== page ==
The centre-left think tank the Institute of Public Policy today published its long-awaited report into intellectual property issues in the UK.
The IPPR recommends that home taping (and transferring CDs to an iPod) should finally be legalized, that sound recording copyright should remain at 50 years, and that the nation's archive, the British Library, should be allowed to circumvent DRM restrictions that everyone else already circumvents anyway.
And, um. That's it really. We haven't received a copy of the report, so we can't bring you any more earth-shattering details.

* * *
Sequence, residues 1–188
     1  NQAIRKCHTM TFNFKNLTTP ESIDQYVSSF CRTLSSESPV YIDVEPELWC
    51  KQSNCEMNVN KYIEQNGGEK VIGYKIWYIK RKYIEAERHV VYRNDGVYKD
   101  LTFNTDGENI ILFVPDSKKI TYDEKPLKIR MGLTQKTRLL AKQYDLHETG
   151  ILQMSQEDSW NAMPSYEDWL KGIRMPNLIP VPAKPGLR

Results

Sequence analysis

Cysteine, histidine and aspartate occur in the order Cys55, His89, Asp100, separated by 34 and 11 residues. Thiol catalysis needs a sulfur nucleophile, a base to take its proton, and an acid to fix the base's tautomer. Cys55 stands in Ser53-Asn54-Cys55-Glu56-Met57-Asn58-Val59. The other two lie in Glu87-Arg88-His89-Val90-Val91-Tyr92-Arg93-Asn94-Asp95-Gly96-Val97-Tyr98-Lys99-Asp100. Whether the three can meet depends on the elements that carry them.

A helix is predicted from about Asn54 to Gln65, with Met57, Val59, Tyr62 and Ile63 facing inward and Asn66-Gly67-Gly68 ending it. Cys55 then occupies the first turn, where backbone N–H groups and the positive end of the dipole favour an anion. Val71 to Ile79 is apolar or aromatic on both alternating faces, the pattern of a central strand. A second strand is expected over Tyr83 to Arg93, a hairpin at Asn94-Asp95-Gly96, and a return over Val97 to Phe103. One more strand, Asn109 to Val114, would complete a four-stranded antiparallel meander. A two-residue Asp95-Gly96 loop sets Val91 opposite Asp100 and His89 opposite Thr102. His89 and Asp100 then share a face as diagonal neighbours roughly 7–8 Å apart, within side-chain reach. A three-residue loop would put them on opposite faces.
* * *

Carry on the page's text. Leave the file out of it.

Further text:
But we will as soon as we have the full report. ®
Bootnote: It might come as a surprise to US readers but the UK has never had a provision for "fair use", the copyright exemption which permits academics to make copies of protected works. Which means that since the early 1970s, almost the entire adult population of the UK has technically been a criminal. From which you can draw your own conclusions - but this legal anomaly does not appear to have had a material effect on either the production or enjoyment of culture.
And until recently, the death penalty was in force for impersonating a Chelsea Pensioner. Thousands of young Britons died every year as a consquence of this arcane law. [Are you sure? - ed.] (Thanks Nicolas)